About Mario

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Born and raised in Los Angeles, Mario Piumetti is a freelance writer of science fiction, horror, screenplays, and nonfiction. He has a bachelor's degree in English from California Lutheran University and an MFA in creative writing from Antioch University. An avid music lover, his work is heavily influenced by rock, punk, and metal. You can contact him at mario.piumetti.writer@gmail.com.

Tuesday, September 1, 2015

The Hook

I sat down to start reading SM Stirling's The Sky People.  Actually, it was my third reading.  The first time I saw the novel in a bookstore, the title grabbed me.  "Sky People" was a term used by the Na'vi to describe humans in the film Avatar.  The green cover showed two rifle-armed astronauts in a jungle with a triceratops and a saber-toothed tiger on the periphery, and the summary on the back - an alternate history story set during the Cold War in which Venus and Mars are habitable with their own native civilizations - sounded pretty cool.

The furthest I've gotten into The Sky People was about a quarter of the way through the book.  I think I got through the first couple of chapters in the first reading.  But tonight?  I got through chapter one, and put it down.  This is not a condemnation of Stirling's novel, or of Stirling himself as a writer.  I love science fiction.  I love alternate history, and I love stories set in a fictionalized Solar System when many other writers choose planets light-years away.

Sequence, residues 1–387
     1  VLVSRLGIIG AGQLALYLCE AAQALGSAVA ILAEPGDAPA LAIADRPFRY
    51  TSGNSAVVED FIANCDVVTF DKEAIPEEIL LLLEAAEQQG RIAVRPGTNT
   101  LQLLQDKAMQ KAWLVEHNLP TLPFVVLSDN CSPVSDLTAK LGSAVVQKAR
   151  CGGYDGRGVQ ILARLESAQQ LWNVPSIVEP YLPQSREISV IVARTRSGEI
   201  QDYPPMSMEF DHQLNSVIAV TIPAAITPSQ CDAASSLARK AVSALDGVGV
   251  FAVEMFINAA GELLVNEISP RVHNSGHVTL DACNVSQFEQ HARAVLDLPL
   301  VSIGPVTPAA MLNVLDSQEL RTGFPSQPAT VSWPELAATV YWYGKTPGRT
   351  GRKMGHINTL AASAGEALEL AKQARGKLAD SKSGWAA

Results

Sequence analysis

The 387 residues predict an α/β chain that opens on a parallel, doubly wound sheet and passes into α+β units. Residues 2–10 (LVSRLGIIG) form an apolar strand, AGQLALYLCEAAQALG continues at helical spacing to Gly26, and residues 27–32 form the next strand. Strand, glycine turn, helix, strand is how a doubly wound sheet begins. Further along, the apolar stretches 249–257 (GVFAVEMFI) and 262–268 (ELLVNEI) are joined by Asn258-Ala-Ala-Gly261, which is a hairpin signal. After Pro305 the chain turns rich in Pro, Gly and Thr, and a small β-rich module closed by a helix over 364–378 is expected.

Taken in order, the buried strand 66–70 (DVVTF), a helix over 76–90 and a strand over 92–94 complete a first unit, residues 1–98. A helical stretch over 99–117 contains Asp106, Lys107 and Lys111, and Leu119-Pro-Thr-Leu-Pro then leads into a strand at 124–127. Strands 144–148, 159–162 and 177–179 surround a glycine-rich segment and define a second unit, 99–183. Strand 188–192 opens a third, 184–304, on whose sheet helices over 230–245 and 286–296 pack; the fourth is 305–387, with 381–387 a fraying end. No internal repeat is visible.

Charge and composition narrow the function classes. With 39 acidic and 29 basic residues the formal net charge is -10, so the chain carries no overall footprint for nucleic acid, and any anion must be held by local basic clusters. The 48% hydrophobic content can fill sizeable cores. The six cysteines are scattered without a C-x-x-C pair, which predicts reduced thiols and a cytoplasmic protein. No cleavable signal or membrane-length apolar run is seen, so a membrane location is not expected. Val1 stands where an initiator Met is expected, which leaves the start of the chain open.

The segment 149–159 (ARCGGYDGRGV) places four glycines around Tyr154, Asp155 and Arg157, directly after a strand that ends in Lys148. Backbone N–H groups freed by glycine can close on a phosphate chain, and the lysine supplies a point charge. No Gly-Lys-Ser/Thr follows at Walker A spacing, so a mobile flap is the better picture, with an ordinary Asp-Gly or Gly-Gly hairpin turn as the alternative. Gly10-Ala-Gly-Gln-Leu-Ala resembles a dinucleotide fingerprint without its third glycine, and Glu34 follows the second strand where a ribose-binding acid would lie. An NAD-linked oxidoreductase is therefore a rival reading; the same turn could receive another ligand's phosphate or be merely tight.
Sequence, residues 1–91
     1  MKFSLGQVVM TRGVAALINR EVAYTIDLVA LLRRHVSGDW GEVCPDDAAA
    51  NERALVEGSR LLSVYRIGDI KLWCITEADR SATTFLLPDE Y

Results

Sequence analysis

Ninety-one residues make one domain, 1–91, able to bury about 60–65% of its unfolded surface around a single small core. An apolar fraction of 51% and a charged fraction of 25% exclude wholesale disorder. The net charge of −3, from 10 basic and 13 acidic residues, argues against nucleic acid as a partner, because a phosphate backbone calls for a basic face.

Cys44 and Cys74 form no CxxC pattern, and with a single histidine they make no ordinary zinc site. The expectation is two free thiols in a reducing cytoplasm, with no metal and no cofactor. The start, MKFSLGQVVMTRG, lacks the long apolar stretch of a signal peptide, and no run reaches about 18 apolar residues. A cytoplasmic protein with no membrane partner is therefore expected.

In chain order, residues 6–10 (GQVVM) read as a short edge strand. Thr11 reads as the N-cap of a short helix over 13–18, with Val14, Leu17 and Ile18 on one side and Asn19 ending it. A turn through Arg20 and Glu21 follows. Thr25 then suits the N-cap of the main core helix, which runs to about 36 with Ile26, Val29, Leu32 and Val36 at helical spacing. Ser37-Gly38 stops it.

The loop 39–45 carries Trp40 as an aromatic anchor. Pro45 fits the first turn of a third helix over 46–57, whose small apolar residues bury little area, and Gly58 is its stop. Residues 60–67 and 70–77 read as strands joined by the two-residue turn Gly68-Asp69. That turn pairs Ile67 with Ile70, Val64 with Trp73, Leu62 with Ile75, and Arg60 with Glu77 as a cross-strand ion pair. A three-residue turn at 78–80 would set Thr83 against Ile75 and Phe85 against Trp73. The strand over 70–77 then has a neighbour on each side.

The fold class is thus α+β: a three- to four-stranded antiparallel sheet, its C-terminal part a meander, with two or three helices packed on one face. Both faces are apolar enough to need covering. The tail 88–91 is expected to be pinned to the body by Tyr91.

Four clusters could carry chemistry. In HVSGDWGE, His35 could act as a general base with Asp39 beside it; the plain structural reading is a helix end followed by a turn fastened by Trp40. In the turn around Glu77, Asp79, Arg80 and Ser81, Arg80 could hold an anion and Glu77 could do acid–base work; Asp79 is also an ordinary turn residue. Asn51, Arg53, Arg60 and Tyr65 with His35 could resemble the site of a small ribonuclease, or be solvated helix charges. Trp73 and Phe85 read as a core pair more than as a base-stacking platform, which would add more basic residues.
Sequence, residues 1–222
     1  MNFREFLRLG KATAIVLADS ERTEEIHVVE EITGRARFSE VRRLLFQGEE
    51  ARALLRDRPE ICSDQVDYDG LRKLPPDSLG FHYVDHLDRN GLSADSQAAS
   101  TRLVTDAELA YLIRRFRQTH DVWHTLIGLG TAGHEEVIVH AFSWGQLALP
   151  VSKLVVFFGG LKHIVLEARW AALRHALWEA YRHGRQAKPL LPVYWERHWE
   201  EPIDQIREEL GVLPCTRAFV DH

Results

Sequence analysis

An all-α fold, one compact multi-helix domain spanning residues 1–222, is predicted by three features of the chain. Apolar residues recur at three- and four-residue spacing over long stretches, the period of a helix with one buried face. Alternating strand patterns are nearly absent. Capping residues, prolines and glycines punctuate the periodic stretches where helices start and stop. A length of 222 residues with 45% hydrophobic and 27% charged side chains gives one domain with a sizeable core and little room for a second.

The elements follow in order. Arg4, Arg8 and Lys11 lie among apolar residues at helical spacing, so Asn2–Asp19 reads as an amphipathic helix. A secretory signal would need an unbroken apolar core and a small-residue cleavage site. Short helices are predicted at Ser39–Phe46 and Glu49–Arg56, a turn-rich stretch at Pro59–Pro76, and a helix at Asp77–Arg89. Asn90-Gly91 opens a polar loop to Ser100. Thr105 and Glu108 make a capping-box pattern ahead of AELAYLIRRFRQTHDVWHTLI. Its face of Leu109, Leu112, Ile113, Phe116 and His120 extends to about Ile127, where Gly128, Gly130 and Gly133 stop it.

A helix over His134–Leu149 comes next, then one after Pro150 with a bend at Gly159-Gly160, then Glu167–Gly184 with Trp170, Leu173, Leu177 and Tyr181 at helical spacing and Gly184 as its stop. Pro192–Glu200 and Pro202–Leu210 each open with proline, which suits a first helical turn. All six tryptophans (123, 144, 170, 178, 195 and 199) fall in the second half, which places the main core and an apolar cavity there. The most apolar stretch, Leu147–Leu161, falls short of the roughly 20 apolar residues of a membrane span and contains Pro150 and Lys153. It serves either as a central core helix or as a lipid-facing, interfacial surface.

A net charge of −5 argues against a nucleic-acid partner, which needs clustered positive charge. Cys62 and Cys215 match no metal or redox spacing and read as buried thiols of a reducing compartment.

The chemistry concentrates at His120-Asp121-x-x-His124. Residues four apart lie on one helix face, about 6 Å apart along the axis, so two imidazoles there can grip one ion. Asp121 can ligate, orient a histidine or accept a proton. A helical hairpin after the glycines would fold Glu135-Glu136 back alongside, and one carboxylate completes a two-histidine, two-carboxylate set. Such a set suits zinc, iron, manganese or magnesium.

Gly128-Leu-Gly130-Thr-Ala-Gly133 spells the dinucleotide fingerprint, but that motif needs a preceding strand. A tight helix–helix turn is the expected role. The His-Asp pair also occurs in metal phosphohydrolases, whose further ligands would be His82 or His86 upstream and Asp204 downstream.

The Sky People has a lot going for it when it comes to world-building.  It realistically forces the Space Race into overdrive.  Stirling shows us a lush and identifiable Venus; Mars doesn't appear until the sequel In the Courts of the Crimson Kings.  We've got NATO-run Jamestown and Soviet-controlled Cosmograd.  Bronze-age natives clashing with Neanderthals.  Hell, there are even Encyclopedia entries describing this alternate Venus along with initial exploration decades earlier.

What The Sky People lacked - for me, at least - was a strong hook.  World-building is a great creative exercise, but the first job of the writer is to entertain and tell a good story.  A hook is the first step to draw in the reader.  Story world isn't a hook.  It's a stopper, a term I learned during a short stint as a charity fundraiser last month.  Yes, I was one of those guys on the sidewalk raising donations for charity.  People passed by me all day long, and a stopper is designed to do just that: stop potential donors (potential readers in this case).  You next give a quick icebreaker and an introduction to the pitch - remember, folks got places to go and people to see - but then you have to give them a problem or a crisis.

This is the real hook, a central problem so jarring that readers keep with the story to find the resolution.  Soviets put nukes into Cuba, and we want to know how America will dodge a nuclear war.  Flesh-eating zombies surround a house, and we wonder how the occupants inside will escape.  Claudius takes Hamlet's birthright, and we wonder how the prince will regain what was stolen.  I believe the crisis Stirling is trying to give us is that the Soviets were smuggling guns to Venus that got into the hands of the Neanderthals.  It's a good crisis with echoes of the Cuban Missile Crisis and the Prime Directive of Star Trek, but unfortunately it didn't grab me as much as I would have liked.

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